Covering the entirety of US history from pre-1492 to the present, A Disability History of the United States is the first book to place the experiences of people with disabilities at the center of the American narrative. It pulls from primary-source documents and social histories to retell American history through the eyes, words, and impressions of the people who lived it. As historian and disability scholar Nielsen argues, to understand disability history isn't to narrowly focus on a series of individual triumphs but rather to examine mass movements and pivotal daily events through the lens of varied experiences. Throughout the book, Nielsen deftly illustrates how concepts of disability have deeply shaped the American experience-from deciding who was allowed to immigrate to establishing labor laws and justifying slavery and gender discrimination. Included are absorbing-at times horrific-narratives of blinded slaves being thrown overboard and women being involuntarily sterilized, as well as triumphant accounts of disabled miners organizing strikes and disability rights activists picketing Washington.
The #1 New York Times bestselling and Newbery Honor winning graphic novel memoir. Starting at a new school is scary, especially with a giant hearing aid strapped to your chest! Then Cece makes a startling discovery. With the Phonic Ear she can hear her teacher not just in the classroom but anywhere her teacher is in the school--in the hallway . . . in the teacher's lounge . . . in the bathroom! This is power. Maybe even superpower! Cece is on her way to becoming El Deafo, Listener for All. But the funny thing about being a superhero is that it's just another way of feeling different . . . and lonely. Can Cece channel her powers into finding the thing she wants most, a true friend?
Your face, and your life, has been radically altered. Accident, military injury, medical condition...the result is the same. You are now having to confront the world with a "different" face, and understandably this has wrecked your self-image and undermined your confidence, leaving you with a thousand questions and concerns including: What should I do when people stare at me? Wouldn't it be easier if I just stayed home and didn't go anywhere? And most significantly, How will this physical change affect current and future relationships? Will anyone ever be able to love me? Facial Shift is about integrating your life before and after, and is a helpful guide to navigating the world with a facial difference. You can count on it as a source of hope, validation and reassurance, as well as a link to a vibrant community of people who can share experiences and tips for dealing with the common challenges associated with surviving, and thriving in the world with a changed countenance.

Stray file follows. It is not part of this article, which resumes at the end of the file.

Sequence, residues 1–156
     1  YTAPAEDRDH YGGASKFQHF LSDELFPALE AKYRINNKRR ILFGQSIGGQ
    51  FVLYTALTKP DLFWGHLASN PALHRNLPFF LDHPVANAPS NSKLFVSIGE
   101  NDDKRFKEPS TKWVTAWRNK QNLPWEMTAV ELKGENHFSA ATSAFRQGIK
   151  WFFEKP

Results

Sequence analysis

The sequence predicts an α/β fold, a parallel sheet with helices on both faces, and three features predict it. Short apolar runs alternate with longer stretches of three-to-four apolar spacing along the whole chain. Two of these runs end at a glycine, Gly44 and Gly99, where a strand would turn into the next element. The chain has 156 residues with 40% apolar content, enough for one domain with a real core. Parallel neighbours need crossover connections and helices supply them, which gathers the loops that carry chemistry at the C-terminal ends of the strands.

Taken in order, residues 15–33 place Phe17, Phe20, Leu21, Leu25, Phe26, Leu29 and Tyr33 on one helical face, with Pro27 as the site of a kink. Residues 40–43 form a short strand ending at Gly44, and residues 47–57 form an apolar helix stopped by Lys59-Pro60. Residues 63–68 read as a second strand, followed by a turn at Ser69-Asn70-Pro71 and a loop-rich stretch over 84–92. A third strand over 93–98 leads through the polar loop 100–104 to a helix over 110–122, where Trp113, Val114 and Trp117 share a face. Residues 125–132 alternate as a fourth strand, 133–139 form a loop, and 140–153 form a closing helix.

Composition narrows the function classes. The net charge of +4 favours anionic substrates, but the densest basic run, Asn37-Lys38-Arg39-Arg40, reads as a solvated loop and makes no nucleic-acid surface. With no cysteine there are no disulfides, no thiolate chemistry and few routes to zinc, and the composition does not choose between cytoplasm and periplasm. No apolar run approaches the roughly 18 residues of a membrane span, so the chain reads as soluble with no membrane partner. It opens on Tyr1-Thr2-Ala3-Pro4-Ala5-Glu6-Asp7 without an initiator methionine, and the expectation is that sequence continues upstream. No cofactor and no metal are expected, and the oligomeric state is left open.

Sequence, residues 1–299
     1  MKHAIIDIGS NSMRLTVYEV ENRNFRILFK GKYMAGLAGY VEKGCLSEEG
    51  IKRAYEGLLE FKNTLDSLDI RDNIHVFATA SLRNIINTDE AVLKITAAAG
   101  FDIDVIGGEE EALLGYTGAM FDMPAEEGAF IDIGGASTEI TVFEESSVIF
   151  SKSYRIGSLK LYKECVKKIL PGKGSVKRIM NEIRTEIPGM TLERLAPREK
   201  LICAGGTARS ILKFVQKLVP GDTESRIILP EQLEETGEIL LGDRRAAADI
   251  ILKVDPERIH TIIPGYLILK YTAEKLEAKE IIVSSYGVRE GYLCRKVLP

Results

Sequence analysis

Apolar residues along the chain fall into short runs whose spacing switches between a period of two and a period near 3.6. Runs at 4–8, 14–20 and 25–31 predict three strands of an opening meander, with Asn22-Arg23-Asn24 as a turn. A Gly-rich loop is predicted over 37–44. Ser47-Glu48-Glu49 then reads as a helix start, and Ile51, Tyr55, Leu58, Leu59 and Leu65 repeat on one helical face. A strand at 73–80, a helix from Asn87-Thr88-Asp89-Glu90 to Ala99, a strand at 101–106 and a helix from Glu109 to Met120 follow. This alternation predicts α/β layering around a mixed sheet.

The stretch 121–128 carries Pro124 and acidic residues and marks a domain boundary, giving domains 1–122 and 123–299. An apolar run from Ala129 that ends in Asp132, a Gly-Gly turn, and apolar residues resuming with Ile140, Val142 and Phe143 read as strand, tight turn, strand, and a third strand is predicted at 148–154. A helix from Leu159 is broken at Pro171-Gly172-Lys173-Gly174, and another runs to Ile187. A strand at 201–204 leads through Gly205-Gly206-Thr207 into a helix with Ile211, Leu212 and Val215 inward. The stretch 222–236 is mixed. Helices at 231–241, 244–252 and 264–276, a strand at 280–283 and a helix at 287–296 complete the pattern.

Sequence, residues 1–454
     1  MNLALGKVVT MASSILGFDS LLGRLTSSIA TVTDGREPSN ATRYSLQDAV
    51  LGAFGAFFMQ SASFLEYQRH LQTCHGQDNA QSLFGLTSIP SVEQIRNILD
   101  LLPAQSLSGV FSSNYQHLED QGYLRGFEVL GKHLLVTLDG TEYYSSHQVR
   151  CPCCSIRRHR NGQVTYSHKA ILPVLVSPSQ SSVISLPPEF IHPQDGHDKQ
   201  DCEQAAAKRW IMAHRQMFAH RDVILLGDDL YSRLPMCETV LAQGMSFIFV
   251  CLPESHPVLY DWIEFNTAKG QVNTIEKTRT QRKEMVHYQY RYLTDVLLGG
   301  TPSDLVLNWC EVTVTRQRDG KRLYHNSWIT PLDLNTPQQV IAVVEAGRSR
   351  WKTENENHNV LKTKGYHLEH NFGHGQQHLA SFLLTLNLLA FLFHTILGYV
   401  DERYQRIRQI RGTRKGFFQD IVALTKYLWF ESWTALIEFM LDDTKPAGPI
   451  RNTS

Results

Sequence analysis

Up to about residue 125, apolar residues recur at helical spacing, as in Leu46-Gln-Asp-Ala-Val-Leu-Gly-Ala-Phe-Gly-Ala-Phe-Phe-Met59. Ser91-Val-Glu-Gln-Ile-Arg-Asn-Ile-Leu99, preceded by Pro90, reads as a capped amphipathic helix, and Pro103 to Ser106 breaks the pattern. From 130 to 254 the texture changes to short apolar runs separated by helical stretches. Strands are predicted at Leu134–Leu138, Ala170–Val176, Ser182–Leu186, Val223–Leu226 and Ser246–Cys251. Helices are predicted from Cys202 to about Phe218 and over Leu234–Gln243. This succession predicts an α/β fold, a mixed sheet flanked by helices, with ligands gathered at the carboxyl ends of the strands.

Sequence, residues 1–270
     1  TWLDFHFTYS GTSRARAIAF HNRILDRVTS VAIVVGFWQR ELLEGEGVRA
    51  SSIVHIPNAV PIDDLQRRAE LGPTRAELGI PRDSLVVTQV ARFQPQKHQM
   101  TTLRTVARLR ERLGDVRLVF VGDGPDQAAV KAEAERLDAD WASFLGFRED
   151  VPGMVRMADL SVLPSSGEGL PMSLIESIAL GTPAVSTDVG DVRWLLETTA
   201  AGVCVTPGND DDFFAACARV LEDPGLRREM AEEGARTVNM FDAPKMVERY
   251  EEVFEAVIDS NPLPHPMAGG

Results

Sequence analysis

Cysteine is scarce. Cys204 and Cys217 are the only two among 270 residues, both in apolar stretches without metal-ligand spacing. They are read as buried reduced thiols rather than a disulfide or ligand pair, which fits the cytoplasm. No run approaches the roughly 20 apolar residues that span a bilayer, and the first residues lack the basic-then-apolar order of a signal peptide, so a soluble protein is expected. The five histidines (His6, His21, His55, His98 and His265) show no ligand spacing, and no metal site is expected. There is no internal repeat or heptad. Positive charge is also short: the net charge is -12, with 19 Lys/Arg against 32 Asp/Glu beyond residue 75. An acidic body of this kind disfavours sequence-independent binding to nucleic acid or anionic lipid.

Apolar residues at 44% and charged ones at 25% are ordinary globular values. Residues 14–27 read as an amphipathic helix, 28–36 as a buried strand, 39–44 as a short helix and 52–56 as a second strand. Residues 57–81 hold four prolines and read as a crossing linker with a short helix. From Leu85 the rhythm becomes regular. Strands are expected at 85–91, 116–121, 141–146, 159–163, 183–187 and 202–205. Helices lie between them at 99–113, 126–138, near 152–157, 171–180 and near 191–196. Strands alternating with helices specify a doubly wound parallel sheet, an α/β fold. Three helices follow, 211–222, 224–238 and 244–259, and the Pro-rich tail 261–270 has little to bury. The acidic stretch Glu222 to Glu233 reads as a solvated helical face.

Solomon tells the stories of parents who not only learn to deal with their exceptional children but also find profound meaning in doing so. Solomon's startling proposition is that diversity is what unites us all. He writes about families coping with deafness, dwarfism, Down syndrome, autism, schizophrenia, multiple severe disabilities, with children who are prodigies, who are conceived in rape, who become criminals, who are transgender. All parenting turns on a crucial question: to what extent parents should accept their children for who they are, and to what extent they should help them become their best selves. Drawing on forty thousand pages of interview transcripts with more than three hundred families, Solomon mines the eloquence of ordinary people facing extreme challenges. Woven into their courageous and affirming stories is Solomon's journey to accepting his own identity, which culminated in his midlife decision, influenced by this research, to become a parent. Elegantly reported by a spectacularly original thinker, Far from the Tree explores themes of generosity, acceptance, and tolerance--all rooted in the insight that love can transcend every prejudice. This crucial and revelatory book expands our definition of what it is to be human.